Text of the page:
[Noisebridge-discuss] Sigh -- I'm not helping with Maker Faires this year.
matt at nycresistor.com
Tue Apr 3 14:08:58 PDT 2012
I think bandit is touching on the heart of the matter.
The discussion that this prompts is important. And the discussion
that I am putting forth is on the topic of Ethics in STEM. And I
think that STEM initiatives should have a discussion on ethics as a
component to them.
Now the productive discussion is what that should take the form of?
When we introduce kids to engineering, math, science, tech in general
we need to make sure they are aware that technology can be used in a
manner never intended. That is the very heart and soul of hacking.
The trouble we have is getting them an understanding of consequence.
And that is very hard for a kid to wrap their head around since
experience is the best teacher in that field.
When I think about it like that, vilifying DARPA or anyone else
doesn't make sense. Promoting an understanding that STEM can lead to
consequences sometimes never intended is important and makes a world
On Tue, Apr 3, 2012 at 2:00 PM, bandit <bandit at cruzio.com> wrote:
>> On Tue, Apr 03, 2012 at 09:42:26AM -0700, Matt Joyce wrote:
>>> So, I don't really see the distinction sometimes between "military
>>> application" and any other application.
>> Stuff designed for killing people, stuff designed for reasons other
>> than killing people. Seems pretty straightforward to me.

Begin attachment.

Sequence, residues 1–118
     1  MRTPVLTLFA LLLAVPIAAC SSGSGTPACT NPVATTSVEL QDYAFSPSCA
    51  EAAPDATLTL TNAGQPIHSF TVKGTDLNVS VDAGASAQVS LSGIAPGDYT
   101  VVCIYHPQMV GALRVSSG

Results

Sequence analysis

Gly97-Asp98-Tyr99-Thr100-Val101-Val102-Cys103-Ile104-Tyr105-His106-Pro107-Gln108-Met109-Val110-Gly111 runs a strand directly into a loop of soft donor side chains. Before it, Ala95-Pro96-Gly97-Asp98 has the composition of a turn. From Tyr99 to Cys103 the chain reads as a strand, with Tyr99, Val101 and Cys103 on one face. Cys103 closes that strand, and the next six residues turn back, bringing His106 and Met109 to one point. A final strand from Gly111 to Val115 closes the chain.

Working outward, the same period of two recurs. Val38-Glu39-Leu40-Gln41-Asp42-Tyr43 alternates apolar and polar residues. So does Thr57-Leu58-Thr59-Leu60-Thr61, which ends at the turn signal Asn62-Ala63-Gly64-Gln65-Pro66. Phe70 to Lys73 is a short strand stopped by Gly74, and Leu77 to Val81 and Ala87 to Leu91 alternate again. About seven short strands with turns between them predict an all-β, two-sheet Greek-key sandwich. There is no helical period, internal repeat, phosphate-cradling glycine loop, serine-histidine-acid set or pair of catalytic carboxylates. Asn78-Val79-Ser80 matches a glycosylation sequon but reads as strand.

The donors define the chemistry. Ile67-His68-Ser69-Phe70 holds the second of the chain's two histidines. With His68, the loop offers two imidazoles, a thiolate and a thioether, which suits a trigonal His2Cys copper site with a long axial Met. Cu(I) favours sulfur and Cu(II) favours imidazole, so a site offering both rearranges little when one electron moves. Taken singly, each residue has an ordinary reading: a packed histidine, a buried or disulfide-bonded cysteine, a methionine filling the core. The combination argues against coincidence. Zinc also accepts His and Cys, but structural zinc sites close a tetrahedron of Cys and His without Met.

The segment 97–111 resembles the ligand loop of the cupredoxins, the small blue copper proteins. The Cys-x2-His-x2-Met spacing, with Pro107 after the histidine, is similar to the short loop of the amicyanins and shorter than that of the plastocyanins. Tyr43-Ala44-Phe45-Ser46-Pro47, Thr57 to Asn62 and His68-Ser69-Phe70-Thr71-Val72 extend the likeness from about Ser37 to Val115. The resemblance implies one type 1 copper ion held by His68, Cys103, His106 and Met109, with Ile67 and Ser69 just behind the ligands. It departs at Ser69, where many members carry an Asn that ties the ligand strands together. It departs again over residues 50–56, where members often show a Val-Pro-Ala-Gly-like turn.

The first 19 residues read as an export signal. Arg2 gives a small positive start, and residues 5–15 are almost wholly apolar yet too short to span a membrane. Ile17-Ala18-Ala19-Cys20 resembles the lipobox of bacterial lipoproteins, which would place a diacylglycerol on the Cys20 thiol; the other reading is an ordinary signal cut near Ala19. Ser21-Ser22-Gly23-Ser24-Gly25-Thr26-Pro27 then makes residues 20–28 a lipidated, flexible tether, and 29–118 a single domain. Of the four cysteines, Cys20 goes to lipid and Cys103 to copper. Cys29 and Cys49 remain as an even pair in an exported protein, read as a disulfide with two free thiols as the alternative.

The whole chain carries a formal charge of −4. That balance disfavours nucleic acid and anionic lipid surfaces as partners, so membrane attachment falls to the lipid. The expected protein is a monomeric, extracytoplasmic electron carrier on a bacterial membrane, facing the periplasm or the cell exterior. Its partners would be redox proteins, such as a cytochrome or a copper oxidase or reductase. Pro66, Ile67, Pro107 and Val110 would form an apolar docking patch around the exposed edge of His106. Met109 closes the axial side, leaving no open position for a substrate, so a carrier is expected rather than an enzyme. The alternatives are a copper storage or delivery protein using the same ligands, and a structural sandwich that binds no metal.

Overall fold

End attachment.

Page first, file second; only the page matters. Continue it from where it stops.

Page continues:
>> Yeah sometimes you can use your M-16 to open your MRE tin to feed a
>> starving child, and sometimes you can bash in the head of your ex-lover
>> using your cellphone. I'm capable of applying some common sense and
>> understanding the basics of why a given artifact was created; I hope you
>> are too.
> Speaking for myself, as one who has worked on military oriented projects,
> things are not always clearcut on their usage.
> First, an aside: the purpose of a military is to kill people and destroy
> The *political* purpose of a military *by politicians* is the threat of
> using the military
> to kill people and destroy things.
> This is *a critical* distinction.
> Another critical distinction: This country seems, for the most part,
> to have learned the difference between the *political* goals of a war
> and the *military personnel* who have taken the King's Shilling to fight.
> I happen to be against what we did in Iraq and (mostly) Afghanistan.
> I think it was very unwise to start these wars, and how we fought them.
> *But*, I make it a point (as many I know) to *thank the military folks*
> for their service. They, and their families, pay a large price for their
> Go to any school in New Mexico.
> Lots of kids have family members on their third tour.
> You think *you* have stress?
> A fair number have parents with severe wounds,
> and some with folded flags in a box and a little plaque with their
> parents' name.
> As far as the usage of a military tech: most are dual-use (think
> battlefield medicine).
> Some are mostly offensive (artillery).
> Some are defensive (threat of using the military).
> I worked on a project to measure a directed energy sensor.